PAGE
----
HSM #3: A Regency Smock Apron

As I take a break from sewing the sleeve wings on my 1630s bodice, I am using the time to finally share a bit about my new smock apron with you. It came together in the last “bodice break”. So far, I did not have the chance to wear it with my costume. But that is definitely still on the to-do list, now spring is finally here. And it definitely took its sweet time to come out this year. Another thing still on my blogging sheet is a drafting tutorial for the apron bodice. More about that below.

First off, let us talk about the construction process a bit. I started by self-drafting the bodice and skirt based on this apron in the Colonial Williamsburg collection. Their site does not have permalinks. For a look at the details, just type the accession number into the search box. :)

Regency smock apron, c. 1800-20, Colonial Williamsburg collection. Acc. Number 1995-33

Since I only had the one image to work off, I loaded it into Inkscape and scaled it up, based on the given length of 46″. This did not really provide accurate measurements, but gave a good estimate of the dimensions. Based on that, I drafted and mocked up the bodice pieces. Eventually I came out with this piece, which I hand-finished with 1/4″ hems around the edges. The insides are finished with a bias strip that holds a drawstring case.

The apron bodice.

Hemming the edges…

The bodice front is basically a trapezoid that gets its Regency-esque shape from the gathers at CF. The two skirt panels are joined on the bias in front and contribute to this look, too. It is pretty straightforward but since a few people asked about how exactly it is done, I will try to put up a drafting tutorial once I can track down my draft sheet and notes.

When cutting the skirt, I forgot that my fabric was printed, not yarn-dyed. Duh. So I ended up piecing one of the miscut panels. But it was only half bad. I accidentally matched the pattern and, besides, piecing adds some period appeal, right?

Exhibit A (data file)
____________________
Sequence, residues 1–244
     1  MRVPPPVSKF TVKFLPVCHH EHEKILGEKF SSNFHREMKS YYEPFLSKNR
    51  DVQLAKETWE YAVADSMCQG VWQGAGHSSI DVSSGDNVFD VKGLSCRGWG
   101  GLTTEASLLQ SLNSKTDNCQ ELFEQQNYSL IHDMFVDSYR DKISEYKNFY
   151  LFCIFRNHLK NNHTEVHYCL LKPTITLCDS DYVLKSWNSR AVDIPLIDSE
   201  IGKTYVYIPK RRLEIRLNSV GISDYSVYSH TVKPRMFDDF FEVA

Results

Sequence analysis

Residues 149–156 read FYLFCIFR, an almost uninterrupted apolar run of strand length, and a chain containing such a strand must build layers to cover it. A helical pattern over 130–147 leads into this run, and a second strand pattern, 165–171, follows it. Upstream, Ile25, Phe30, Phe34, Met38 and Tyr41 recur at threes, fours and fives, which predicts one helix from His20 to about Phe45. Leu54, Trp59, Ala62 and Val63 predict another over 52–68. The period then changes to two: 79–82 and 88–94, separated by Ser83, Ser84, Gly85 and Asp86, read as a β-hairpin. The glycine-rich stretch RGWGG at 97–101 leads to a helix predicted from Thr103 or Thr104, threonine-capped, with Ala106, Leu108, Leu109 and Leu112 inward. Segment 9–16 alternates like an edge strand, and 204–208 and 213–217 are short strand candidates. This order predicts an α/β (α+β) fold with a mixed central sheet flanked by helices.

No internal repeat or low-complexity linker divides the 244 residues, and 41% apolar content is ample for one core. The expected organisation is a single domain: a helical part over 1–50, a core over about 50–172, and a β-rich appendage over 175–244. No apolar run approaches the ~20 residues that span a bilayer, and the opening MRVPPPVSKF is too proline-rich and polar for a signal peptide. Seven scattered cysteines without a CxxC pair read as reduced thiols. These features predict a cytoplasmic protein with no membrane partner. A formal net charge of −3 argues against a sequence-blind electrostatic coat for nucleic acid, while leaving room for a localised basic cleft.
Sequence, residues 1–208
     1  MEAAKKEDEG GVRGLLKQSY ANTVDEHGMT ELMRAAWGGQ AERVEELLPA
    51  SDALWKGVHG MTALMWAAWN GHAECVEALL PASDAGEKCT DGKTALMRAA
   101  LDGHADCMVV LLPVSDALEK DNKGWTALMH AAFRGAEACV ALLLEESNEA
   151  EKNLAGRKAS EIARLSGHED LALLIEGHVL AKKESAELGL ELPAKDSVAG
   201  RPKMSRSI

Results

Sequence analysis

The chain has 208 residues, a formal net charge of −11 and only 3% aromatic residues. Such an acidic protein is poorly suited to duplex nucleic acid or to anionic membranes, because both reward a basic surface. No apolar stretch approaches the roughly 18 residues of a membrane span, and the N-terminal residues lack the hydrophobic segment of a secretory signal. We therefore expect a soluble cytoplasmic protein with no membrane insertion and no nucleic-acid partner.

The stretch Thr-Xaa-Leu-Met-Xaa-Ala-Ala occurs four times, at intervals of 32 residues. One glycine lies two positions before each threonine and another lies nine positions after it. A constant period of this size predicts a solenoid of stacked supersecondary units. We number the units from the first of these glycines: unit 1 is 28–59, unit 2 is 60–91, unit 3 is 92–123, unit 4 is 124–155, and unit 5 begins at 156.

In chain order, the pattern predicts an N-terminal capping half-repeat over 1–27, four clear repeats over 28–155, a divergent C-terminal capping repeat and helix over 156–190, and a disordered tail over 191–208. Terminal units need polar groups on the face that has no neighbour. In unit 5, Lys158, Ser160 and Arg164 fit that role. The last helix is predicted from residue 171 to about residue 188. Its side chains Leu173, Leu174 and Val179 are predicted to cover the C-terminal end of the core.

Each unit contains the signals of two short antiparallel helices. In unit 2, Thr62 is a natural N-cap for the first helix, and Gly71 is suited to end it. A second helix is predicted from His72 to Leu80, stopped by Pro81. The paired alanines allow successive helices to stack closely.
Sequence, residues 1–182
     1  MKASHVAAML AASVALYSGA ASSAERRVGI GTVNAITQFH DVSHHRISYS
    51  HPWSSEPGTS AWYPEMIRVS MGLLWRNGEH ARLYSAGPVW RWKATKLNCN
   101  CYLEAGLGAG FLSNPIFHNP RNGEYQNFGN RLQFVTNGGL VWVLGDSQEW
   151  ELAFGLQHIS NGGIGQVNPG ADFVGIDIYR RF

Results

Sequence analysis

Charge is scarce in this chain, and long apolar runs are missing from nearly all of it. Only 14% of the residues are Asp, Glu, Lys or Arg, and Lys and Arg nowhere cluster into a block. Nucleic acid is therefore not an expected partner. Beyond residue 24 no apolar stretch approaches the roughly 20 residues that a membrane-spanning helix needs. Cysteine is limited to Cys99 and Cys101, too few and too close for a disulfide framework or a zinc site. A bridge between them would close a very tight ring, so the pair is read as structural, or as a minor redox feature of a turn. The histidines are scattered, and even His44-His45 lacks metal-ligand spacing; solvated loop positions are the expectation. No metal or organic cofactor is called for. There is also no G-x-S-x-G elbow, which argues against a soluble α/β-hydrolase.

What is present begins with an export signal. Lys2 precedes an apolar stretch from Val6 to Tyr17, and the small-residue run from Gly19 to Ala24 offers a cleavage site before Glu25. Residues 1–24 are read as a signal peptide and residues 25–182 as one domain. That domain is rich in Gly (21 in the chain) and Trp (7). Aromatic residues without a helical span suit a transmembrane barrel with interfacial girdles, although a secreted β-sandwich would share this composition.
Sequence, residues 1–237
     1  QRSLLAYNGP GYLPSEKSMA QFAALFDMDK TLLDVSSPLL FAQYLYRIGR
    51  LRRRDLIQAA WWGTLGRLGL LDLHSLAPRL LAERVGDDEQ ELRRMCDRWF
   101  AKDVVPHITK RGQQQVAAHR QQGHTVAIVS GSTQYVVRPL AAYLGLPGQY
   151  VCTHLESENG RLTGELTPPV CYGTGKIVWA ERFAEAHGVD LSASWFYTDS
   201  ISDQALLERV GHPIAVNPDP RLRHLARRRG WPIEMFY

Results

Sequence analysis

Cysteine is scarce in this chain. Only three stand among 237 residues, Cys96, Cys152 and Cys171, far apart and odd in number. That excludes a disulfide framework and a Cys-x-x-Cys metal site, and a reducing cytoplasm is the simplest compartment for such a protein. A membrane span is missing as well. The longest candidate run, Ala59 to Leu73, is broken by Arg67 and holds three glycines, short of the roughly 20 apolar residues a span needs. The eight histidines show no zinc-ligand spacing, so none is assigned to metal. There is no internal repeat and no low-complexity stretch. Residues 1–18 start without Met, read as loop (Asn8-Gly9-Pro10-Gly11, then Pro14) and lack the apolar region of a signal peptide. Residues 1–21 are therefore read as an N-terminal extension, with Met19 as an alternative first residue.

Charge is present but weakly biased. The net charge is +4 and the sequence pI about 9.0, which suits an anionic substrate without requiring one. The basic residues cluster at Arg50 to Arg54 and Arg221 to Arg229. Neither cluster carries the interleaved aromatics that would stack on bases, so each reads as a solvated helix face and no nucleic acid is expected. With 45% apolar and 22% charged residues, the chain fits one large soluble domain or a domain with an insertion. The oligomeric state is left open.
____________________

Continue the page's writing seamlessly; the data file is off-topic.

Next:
Joining the bodice to the skirt. The armholes are open at the bottom and only joined through the skirt seam.

The apron closes at the neck and waistline. At the top, the neckline drawstring provides the ties. For the waist, I made two narrow 12″ ties from fabric scraps.

Yay, waist ties, turned inside out with a shishkebab stick.

And that was that. The apron is done and currently sitting on the dressform.

The finished smock apron.

As a little bonus, I made a fabric bunny out of the scraps, just in time for Easter. He looks a bit like a Lindt bunny, but will last longer, due to lacking chocolate content.

Mr. Apron Scrap Bunny. :D

And here are the HSM challenge facts:

The Challenge: #3 – Comfort At Home

Material: 1 1/2 yards checked cotton broadcloth.

Pattern: My own, based on an extant apron at Colonial Williamsburg (Acc. No. 1995-33).

Year: 1800-20.

Notions: 1 1/2 yards 3/8″ twill tape; cotton thread; linen twine for the drawstring eyelets at the front.

How historically accurate is it? I did not manage to source a yarn-dyed, woven check on short notice, so I went with a printed fabric (I found a much better one, just when the apron was finished…). So I have to mark myself down. Same for working off one image without a closer look at the construction details. But it is all hand-sewn. :) Overall, I would give it 80% accuracy.

Hours to complete: About 24 hours.

First worn: Around the house. :D

Total cost: € 13.

Nessa

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Regency Apron Research

I did it again! I finished a project without writing all the blog posts first. So now seems a good time to unravel the planning behind the Regency apron I just finished for the Historical Sew Monthly.

Some of you may still remember my Regency half apron from 2016. Now I wanted one that covers the top of the dress, too, because that is where I usually dirty myself. ;) To get inspired, I had a quick browse through the full apron styles and colours popular in the Regency era. That was the perfect excuse to look through one of my favourite collections of period fashion plates, the “Costumes d’ouvriéres parisiennes” by Georges-Jacques Gatine and Louis-Marie Lanté, published in 1824. You can view it here on Gallica.

The first thing I noticed was the range of different colours. Black was very fashionable, because hey, it hides most stains. It’s for a similar reason that 18th-century surgeons turned to blue aprons. (See this post by Susan Holloway Scott). Of course, there was lots of white around, too. From my research into the other apron, I already knew about rosy and powder pink being fashionable. But that did not prepare me for this very flashy purple. Just wow. And the one below is not the only example in the collection.